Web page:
Why do a brutal kill for a process performing an HTTP request?

I am reading the book Programming Phoenix 1.4. There is a task, we want to connect Wolfram API, and if it does not respond within 10 second, kill the process:

  |> Enum.map(&async_query(&1, query, opts))
  |> Task.yield_many(timeout)
  |> Enum.map(fn {task, res} -> res || Task.shutdown(task, :brutal_kill) end)

But wouldn’t it be easier to specify a timeout for :httpc and let the process terminate normally? Maybe there is a best practice for killing such a process or it was made for illustration purposes?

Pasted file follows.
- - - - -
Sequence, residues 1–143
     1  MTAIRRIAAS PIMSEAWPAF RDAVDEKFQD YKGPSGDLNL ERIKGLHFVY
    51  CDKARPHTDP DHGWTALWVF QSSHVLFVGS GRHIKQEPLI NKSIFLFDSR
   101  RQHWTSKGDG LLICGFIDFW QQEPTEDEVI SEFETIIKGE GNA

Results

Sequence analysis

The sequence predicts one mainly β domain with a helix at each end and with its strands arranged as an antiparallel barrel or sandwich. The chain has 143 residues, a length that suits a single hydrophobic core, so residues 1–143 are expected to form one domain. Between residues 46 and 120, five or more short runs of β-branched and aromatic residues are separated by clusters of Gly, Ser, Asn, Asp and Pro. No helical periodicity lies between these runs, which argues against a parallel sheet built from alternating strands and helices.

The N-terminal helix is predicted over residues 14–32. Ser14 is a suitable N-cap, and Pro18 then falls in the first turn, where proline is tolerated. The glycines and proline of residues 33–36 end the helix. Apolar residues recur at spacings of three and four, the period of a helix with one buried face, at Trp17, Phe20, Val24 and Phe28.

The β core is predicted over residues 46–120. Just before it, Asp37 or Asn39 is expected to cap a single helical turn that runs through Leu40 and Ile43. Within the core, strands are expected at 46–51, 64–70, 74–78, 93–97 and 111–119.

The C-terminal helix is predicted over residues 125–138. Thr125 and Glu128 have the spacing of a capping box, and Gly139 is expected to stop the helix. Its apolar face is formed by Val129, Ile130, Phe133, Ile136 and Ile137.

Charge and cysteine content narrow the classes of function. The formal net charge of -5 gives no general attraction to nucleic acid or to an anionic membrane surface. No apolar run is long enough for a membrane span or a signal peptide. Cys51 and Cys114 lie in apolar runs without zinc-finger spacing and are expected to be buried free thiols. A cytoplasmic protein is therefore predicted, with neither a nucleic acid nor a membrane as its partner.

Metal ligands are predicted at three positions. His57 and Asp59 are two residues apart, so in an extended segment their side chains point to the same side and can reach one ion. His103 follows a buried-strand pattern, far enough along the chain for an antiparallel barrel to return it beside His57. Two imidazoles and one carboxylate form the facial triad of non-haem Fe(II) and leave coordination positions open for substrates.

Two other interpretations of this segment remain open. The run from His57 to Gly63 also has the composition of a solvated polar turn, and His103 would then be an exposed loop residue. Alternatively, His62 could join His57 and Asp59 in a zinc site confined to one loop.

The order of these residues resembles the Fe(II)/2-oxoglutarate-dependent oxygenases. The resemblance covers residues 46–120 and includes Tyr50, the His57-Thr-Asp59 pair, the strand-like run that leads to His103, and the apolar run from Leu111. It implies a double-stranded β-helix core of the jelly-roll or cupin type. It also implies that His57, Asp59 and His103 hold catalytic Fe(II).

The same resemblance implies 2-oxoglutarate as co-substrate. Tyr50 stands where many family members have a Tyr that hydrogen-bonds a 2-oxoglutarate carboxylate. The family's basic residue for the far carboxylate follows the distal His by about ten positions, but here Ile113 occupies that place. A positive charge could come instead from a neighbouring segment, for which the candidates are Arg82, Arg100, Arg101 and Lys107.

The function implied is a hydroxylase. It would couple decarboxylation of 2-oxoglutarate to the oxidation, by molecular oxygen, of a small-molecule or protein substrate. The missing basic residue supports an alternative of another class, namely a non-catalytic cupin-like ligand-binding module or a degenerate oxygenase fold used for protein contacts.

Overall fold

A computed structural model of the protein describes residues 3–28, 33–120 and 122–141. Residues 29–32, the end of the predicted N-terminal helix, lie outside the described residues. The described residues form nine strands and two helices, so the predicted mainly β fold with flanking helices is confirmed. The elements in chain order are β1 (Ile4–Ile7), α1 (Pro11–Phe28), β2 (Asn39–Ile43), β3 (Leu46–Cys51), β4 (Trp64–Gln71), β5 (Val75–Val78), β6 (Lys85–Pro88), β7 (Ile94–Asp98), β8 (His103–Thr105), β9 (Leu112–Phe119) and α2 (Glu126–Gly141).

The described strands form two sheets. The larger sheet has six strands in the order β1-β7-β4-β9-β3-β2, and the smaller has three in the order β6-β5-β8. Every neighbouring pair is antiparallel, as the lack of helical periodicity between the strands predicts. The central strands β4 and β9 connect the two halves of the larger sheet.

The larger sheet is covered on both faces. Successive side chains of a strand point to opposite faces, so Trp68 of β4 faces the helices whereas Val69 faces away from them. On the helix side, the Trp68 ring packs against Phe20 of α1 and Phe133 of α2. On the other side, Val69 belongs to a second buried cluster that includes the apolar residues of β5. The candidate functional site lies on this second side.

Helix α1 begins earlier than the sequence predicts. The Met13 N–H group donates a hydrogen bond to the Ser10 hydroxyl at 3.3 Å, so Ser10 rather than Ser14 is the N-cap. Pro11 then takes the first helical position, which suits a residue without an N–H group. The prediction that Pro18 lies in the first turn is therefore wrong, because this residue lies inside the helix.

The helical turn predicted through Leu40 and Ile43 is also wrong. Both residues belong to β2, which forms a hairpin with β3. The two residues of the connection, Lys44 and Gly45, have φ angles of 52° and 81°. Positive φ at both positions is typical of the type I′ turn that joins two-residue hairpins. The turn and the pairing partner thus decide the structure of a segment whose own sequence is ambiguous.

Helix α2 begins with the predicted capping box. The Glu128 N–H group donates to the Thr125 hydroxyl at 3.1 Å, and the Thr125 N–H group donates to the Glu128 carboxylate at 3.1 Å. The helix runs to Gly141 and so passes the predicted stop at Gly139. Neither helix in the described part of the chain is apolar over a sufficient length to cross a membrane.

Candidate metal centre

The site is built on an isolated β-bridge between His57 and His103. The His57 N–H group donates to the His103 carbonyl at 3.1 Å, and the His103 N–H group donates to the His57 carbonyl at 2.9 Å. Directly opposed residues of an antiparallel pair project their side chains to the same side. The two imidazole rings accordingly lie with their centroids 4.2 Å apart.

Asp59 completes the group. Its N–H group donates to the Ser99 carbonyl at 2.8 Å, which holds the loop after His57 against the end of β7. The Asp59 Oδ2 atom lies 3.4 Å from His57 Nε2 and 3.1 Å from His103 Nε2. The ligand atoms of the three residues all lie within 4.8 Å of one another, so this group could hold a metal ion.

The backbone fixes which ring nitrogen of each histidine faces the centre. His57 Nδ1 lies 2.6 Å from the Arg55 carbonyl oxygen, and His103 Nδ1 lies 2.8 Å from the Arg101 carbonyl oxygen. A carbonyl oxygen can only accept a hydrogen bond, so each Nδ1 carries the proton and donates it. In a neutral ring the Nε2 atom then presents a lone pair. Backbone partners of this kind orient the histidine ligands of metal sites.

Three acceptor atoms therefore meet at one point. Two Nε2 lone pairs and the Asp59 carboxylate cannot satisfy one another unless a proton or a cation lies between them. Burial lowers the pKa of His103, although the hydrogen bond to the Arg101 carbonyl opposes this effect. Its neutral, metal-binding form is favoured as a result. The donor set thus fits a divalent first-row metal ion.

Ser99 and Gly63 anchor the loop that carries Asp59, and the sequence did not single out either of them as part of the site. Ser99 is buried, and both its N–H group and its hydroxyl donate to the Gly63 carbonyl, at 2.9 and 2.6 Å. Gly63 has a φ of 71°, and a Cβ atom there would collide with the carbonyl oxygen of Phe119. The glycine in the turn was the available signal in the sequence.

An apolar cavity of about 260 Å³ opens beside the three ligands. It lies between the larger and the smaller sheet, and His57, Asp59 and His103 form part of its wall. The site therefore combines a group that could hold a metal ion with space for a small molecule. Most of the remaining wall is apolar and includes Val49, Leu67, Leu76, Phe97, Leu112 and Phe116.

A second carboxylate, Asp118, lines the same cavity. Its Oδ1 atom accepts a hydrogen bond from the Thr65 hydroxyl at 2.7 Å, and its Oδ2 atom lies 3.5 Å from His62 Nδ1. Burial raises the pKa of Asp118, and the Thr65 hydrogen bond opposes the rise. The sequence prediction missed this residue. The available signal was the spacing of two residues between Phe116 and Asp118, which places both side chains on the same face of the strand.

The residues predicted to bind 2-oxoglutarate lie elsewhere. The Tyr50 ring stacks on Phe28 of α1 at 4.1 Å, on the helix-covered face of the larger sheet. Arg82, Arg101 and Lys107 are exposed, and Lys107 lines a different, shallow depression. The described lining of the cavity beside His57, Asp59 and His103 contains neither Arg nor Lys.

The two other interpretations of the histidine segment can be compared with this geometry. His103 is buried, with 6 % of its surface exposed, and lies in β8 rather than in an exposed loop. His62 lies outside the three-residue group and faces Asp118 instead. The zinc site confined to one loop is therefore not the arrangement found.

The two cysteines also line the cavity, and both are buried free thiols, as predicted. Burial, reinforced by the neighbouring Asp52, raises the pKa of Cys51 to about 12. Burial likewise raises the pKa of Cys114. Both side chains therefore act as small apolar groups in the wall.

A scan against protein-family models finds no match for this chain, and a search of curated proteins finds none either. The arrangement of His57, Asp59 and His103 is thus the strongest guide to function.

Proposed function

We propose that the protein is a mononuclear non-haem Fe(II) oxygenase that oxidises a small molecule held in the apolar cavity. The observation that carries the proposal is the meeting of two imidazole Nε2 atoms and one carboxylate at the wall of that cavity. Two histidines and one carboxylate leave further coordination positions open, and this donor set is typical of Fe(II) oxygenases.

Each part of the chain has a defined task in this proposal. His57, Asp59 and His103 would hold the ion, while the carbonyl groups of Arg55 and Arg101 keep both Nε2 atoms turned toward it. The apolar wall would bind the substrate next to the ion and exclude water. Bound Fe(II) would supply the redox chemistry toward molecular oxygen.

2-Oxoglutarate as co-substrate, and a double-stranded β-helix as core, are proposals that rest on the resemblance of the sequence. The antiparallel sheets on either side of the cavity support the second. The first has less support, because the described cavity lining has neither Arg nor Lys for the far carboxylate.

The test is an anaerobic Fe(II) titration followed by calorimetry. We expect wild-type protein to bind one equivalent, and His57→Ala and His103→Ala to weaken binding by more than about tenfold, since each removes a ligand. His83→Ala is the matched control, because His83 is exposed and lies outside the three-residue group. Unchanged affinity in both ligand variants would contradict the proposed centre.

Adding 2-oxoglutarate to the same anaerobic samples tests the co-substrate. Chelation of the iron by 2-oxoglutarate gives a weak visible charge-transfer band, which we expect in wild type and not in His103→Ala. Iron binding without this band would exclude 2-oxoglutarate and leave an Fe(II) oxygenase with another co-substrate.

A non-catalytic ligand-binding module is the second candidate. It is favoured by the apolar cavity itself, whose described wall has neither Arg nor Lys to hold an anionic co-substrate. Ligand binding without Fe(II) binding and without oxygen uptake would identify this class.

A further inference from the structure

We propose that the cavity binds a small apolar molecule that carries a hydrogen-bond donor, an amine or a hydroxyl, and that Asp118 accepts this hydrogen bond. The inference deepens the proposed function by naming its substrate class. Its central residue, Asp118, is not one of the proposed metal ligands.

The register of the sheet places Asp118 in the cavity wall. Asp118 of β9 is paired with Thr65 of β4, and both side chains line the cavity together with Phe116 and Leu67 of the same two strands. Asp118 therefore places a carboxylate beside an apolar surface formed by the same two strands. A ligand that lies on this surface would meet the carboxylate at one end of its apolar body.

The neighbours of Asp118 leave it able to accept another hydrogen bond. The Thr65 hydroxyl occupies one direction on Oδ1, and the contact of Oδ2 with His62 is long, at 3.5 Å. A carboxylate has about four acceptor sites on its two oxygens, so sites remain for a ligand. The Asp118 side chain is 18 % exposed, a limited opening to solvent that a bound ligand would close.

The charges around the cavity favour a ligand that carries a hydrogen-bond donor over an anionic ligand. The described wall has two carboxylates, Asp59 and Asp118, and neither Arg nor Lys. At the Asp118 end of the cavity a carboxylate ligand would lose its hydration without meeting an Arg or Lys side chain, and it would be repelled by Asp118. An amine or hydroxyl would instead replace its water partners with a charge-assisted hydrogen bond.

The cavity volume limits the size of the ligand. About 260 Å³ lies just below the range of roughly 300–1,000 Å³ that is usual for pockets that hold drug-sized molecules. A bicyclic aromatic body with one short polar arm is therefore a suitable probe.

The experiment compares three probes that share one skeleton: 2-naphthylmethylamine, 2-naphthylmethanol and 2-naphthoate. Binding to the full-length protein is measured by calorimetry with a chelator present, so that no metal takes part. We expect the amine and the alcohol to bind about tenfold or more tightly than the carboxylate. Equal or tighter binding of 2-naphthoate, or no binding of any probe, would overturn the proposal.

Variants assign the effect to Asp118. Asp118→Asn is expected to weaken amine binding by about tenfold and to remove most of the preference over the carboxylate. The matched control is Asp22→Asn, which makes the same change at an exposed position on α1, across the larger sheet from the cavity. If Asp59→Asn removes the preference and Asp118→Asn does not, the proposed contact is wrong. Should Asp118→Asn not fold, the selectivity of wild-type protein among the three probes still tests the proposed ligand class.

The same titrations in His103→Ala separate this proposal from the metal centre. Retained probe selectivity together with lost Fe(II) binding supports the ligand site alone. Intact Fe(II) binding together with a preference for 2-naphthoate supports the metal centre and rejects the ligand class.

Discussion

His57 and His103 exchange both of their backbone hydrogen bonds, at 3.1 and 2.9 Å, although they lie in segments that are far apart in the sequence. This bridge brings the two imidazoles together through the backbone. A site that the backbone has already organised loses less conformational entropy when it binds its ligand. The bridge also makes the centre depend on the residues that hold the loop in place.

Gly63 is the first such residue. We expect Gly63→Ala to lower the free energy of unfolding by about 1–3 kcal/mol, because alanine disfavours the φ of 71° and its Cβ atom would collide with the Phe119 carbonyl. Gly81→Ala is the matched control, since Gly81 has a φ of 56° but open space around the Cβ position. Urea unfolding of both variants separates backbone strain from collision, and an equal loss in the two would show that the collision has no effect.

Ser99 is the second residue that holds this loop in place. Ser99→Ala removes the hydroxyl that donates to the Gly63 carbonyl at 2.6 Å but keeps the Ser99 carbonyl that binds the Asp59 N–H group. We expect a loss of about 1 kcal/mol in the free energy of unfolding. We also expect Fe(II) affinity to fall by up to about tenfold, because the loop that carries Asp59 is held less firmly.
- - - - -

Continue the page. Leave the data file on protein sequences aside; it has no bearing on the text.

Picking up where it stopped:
Yeah in general if you can guarantee that the code you execute inside a task finishes within a given timeframe, then you can likely get rid of the Task.shutdown/2. On the other hand, it can also be seen as a “safety measure”, making sure that you do actually terminate potentially-stuck processes, avoiding leaks.